$ python Python 2.7.2+ (default, Oct 4 2011, 20:03:08) [GCC 4.6.1] on linux2 Type "help", "copyright", "credits" or "license" for more information. >>> x = u'\U0001f44d' >>> len(x) 1 >>> ord(x) 128077
Python 2.7.2 (default, Jun 12 2011, 15:08:59) [MSC v.1500 32 bit (Intel)] on win32 Type "help", "copyright", "credits" or "license" for more information. >>> x = u'\U0001f44d' >>> len(x) 2 >>> ord(x) 55357
My Ubuntu experience is with the default interpreter in the distribution. For Windows 7 I downloaded and installed the recommended version linked from python.org. I did not compile either of them myself.
The nature of the difference is clear to me. (On Ubuntu the string is a sequence of code points; on Windows 7 a sequence of UTF-16 code units.) My questions are:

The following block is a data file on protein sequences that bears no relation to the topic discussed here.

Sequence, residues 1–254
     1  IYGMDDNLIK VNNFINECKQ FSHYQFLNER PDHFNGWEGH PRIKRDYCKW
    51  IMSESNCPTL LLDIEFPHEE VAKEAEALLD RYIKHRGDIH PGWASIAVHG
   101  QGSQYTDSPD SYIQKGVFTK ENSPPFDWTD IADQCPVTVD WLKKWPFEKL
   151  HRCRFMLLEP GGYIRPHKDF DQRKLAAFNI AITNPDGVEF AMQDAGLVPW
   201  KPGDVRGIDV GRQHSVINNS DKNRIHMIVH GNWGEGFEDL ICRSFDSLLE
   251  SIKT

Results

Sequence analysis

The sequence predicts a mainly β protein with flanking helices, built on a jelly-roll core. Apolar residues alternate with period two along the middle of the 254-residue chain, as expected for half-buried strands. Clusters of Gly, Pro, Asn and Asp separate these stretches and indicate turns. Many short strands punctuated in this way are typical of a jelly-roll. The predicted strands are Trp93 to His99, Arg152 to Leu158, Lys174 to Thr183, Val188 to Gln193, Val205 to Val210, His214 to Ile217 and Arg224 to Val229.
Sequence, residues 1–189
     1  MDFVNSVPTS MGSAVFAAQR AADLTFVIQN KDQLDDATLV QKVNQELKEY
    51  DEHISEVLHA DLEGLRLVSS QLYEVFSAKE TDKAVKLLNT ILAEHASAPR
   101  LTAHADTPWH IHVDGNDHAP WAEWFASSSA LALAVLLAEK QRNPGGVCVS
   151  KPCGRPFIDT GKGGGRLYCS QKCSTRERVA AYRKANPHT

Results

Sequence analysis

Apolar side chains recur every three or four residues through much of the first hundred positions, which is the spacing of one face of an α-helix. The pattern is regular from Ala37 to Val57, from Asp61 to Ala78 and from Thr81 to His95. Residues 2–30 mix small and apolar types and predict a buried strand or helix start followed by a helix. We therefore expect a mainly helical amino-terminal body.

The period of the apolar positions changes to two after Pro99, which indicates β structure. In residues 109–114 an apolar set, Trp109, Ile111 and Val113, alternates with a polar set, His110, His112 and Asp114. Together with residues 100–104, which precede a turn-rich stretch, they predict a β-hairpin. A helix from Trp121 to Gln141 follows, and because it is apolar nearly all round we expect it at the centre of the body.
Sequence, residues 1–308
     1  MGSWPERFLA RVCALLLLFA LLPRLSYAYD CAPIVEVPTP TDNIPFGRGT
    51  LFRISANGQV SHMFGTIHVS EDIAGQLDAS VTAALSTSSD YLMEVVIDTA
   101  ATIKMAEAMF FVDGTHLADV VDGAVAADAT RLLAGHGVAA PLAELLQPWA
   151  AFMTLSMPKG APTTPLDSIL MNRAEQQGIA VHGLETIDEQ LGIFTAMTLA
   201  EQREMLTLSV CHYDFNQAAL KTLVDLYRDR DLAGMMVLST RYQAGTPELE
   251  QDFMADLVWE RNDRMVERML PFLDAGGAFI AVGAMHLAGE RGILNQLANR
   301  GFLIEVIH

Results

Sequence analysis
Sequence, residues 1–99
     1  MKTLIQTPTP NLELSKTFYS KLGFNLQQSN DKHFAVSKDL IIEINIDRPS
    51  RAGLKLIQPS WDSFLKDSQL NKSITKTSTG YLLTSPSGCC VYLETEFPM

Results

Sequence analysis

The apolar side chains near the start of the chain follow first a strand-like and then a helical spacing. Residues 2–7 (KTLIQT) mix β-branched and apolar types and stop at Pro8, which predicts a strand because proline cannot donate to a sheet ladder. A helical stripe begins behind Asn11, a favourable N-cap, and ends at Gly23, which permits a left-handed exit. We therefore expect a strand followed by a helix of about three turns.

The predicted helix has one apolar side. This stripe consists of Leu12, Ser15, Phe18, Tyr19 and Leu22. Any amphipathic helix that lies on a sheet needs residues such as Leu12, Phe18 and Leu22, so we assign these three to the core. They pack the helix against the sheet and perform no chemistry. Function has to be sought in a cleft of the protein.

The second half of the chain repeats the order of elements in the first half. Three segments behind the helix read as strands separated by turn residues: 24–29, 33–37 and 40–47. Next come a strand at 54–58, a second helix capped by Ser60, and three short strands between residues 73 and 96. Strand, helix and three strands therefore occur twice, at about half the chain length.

- Why am I observing this difference in behavior? Is it due to how the interpreter is built, or a difference in dependent system libraries?
- Is there any way to configure the behavior of the Windows 7 interpreter to agree with the Ubuntu one, that I can do within Eclipse PyDev (my goal)?
- If I have to rebuild, are there any prebuilt Windows 7 interpreters that behave as Ubuntu above from a reliable source?
- Are there any workarounds to this issue besides manually counting surrogates in
unicodestrings on Windows only (blech)?
- Does this justify a bug report? Is there any chance such a bug report would be addressed in 2.7?